Filling a void - Iraqi food

Wonderful story -- from the Wall Street Journal:

Shawarma, Ready-to-Eat: Arab Cuisine Invades Camp Pendleton
Denise Hazime, a Muslim woman, contacted food services officials here last July with what she thought might sound like a preposterous proposal: She wanted to open an Arabic food stand on the largest Marine base on the West Coast.

It turned out to be an appetizing idea. Marines returning from Iraq and the Persian Gulf were pining for pita, according to focus-group surveys conducted on the base.

Last month, Ms. Hazime and her husband, a Marine veteran, opened "Dede Med's Shawarma House" - the first Arabic food stand on a base with a daytime population of 60,000 hungry Marines and civilians.

Minutes after the place opened, Travis Post, a Marine captain from Oklahoma who had been stationed in Iraq for seven months, pulled up in his car. "So you've really got shawarma back there?" Mr. Post asked, referring to the spicy grilled meat sandwich popular throughout the Middle East.

"You want one?" asked Ms. Hazime's husband, Crisantos Hajibrahim, who was working the cash register.

"Heck, yeah!" Mr. Post responded. While training Iraqi police, he had shared meals with locals daily. "There was a lot of lamb in my life," he says.

As Mr. Post grabbed his $7 sandwich and walked away, he yelled,"You'll see me next week."

For decades, American troops have been on the front lines of foreign cuisine, sampling exotic foods during even the most dangerous conflicts.

Since 2001, more than 2 million military service members have been deployed to the Middle East. While many take their meals on U.S. bases there that serve American-style food, those sent to villages and neighborhoods quickly learn about lamb, flat bread, and the ubiquitous chickpea. In the Middle East, shared meals are often a key part of forming bonds and winning trust.

"They're deploying to that part of the world and they're developing a taste for that kind of product," says Lane Jones, Camp Pendleton's director of community services.

Camp Pendleton - a sprawling, 125,000 acre base 38 miles from downtown San Diego, had already been expanding its cuisine, adding Mexican, Chinese and soul-food places. But Ms. Hazime's shawarma stand is a more delicate proposition than the base's planned opening of a Panda Express selling Americanized Chinese food.

"This is not about war. This is not about politics. This is about shawarma," said Ms. Hazime. "And falafel," she said, referring to the fried chickpea patties, a big part of the cuisine.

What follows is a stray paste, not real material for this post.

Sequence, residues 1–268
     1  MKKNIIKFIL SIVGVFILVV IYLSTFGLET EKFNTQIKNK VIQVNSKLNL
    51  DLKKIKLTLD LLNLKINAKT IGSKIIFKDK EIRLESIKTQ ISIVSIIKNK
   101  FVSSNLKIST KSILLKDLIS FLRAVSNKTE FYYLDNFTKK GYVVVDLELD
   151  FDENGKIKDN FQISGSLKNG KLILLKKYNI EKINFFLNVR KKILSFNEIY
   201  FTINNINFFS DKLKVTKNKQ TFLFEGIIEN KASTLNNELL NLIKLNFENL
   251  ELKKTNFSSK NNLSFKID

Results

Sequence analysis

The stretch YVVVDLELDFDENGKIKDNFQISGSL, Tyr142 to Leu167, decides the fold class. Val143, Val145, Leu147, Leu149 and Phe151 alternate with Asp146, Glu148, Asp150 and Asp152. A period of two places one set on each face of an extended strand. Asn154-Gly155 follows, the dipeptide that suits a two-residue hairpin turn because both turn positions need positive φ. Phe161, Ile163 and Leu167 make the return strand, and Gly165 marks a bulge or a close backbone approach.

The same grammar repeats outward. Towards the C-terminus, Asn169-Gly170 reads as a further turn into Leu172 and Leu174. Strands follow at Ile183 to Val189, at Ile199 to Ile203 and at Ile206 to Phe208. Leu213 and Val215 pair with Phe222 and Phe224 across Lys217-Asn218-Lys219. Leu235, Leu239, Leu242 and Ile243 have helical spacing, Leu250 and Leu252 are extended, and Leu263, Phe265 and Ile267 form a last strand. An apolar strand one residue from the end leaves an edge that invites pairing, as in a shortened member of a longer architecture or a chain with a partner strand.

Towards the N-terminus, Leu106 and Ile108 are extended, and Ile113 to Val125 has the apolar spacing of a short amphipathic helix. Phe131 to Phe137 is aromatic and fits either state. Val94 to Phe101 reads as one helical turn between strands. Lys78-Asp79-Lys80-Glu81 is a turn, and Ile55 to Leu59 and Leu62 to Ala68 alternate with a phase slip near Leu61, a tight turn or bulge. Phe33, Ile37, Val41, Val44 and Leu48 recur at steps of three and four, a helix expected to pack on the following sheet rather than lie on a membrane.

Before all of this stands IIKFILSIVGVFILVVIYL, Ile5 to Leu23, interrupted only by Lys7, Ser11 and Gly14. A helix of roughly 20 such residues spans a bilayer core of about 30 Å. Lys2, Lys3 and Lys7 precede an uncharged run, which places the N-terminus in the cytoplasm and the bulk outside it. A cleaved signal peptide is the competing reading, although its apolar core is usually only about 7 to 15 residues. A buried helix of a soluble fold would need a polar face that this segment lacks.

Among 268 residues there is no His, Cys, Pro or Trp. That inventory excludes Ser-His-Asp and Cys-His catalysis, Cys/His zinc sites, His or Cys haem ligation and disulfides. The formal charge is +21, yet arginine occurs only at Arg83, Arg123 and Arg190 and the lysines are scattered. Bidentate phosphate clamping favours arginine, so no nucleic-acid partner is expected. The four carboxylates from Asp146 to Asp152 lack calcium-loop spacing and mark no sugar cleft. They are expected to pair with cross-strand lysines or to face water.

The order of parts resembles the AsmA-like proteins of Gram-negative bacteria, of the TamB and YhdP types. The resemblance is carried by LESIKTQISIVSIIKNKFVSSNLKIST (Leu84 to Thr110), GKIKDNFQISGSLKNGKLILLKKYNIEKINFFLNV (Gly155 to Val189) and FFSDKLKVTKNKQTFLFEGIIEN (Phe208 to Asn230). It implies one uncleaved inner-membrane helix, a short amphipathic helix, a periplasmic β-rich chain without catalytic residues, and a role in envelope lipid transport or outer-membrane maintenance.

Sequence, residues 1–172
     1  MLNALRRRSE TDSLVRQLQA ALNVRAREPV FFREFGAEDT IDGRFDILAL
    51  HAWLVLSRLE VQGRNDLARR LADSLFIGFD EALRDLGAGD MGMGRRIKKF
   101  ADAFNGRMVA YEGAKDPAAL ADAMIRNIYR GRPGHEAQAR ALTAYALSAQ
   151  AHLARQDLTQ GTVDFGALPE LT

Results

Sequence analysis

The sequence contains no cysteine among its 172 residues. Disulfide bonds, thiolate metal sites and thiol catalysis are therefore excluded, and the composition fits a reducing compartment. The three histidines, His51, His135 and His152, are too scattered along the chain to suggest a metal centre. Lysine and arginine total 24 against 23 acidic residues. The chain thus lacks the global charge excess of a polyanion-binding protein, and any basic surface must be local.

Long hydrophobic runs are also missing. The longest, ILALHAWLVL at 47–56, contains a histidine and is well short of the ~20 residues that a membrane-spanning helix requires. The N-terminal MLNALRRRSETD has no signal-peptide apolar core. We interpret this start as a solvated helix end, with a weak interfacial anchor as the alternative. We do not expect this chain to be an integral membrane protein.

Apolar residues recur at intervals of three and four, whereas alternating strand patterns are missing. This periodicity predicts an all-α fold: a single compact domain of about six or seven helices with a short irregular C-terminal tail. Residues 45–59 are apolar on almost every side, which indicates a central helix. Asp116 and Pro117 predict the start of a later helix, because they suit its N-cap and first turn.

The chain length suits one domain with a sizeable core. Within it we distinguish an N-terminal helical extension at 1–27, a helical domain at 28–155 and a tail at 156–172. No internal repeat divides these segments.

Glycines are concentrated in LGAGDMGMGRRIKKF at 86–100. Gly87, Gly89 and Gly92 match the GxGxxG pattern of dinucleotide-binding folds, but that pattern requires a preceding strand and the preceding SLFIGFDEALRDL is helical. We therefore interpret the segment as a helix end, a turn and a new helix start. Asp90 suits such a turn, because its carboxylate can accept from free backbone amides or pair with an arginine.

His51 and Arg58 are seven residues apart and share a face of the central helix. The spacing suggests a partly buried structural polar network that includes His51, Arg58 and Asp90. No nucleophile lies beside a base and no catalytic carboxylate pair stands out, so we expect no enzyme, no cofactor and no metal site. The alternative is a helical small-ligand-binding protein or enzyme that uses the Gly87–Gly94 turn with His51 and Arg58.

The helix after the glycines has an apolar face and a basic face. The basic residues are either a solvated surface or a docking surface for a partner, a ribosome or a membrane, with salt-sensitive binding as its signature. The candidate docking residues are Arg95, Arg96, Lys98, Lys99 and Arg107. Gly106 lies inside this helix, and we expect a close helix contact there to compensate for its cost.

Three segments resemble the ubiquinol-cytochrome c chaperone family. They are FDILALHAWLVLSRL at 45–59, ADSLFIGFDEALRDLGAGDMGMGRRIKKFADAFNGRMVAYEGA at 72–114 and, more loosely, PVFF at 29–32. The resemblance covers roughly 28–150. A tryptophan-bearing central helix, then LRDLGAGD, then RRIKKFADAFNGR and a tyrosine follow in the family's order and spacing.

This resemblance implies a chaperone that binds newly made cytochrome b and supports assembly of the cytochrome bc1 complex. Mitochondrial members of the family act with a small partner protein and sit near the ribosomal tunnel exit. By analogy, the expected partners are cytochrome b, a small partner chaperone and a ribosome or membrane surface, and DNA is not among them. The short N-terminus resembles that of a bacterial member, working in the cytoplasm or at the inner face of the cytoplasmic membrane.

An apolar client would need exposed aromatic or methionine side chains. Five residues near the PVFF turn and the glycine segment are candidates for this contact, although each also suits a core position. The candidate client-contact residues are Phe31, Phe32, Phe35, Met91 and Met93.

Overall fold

Very cool -- wonderful food. When I used to work at Microsoft, they would have guest chefs visit on a rotating basis and there was one who did wonderful Middle Eastern food. We are fortunate to have an excellent M.E. stand in Bellingham as well as three very good Greek restaurants.

I love her quote: "This is not about politics. This is about shawarma," said Ms. Hazime. And falafel"

August 2019

Sun Mon Tue Wed Thu Fri Sat
        1 2 3
4 5 6 7 8 9 10
11 12 13 14 15 16 17
18 19 20 21 22 23 24
25 26 27 28 29 30 31

Environment and Climate
AccuWeather
Cliff Mass Weather Blog
Climate Audit
Climate Depot
Green Trust
ICECAP
Jennifer Marohasy
MetaEfficient
Planet Gore
Science and Public Policy Institute
Solar Cycle 24
Space Weather
Space Weather - Canada
the Air Vent
Tom Nelson
Watts Up With That?


Science and Medicine
Derek Lowe
Junk Science
Life in the Fast Lane
Luboš Motl
Medgadget
New Scientist
Next Big Future
PhysOrg.com
Ptak Science Books
Science Blog


Geek Stuff
Ars Technica
Boing Boing
Don Lancaster's Guru's Lair
Evil Mad Scientist Laboratories
FAIL Blog
Hack a Day
Kevin Kelly - Cool Tools
Neatorama
Slashdot: News for nerds
The Register
The Daily WTF
TYWKIWDBI


Comics
Achewood
The Argyle Sweater
Chip Bok
Broadside Cartoons
Day by Day
Dilbert
Medium Large
Michael Ramirez
Prickly City
Tundra
User Friendly
Vexarr
What The Duck
Wondermark
xkcd


NO WAI! WTF?¿?¿
Awkward Family Photos
Cake Wrecks
Not Always Right
Sober in a Nightclub
You Drive What?


Business and Economics
The Austrian Economists
Carpe Diem
Coyote Blog


Photography and Art
Digital Photography Review
DIYPhotography
James Gurney
Joe McNally's Blog
PetaPixel
photo.net
Shorpy
Strobist
The Online Photographer


Blogrolling
A Western Heart
AMCGLTD.COM
American Digest
The AnarchAngel
Anti-Idiotarian Rottweiler
Babalu Blog
Belmont Club
Bayou Renaissance Man
Classical Values
Cobb
Cold Fury
David Limbaugh
Defense Technology
Doug Ross @ Journal
Grouchy Old Cripple
Instapundit
iowahawk
Irons in the Fire
James Lileks
Lowering the Bar
Maggie's Farm
Marginal Revolution
Michael J. Totten
Mostly Cajun
Neanderpundit
neo-neocon
Power Line
ProfessorBainbridge.com
Questions and Observations
Rachel Lucas
Roger L. Simon
Samizdata.net
Sense of Events
Sound Politics
The Strata-Sphere
The Smallest Minority
The Volokh Conspiracy
Tim Blair
Velociworld
Weasel Zippers
WILLisms.com
Wizbang


Gone but not Forgotten...
A Coyote at the Dog Show
Bad Eagle
Steven DenBeste
democrats give conservatives indigestion
Allah
BigPictureSmallOffice
Cox and Forkum
The Diplomad
Priorities & Frivolities
Gut Rumbles
Mean Mr. Mustard 2.0
MegaPundit
Masamune
Neptunus Lex
Other Side of Kim
Publicola
Ramblings' Journal
Sgt. Stryker
shining full plate and a good broadsword
A Physicist's Perspective
The Daily Demarche
Wayne's Online Newsletter

About this Entry

This page contains a single entry by DaveH published on March 15, 2010 10:08 AM.

Happy 25th Anniversary - Internet Domain Names was the previous entry in this blog.

Light posting today - meetings and computer tinkering is the next entry in this blog.

Find recent content on the main index or look in the archives to find all content.

Monthly Archives

Pages

OpenID accepted here Learn more about OpenID
Powered by Movable Type 5.2.9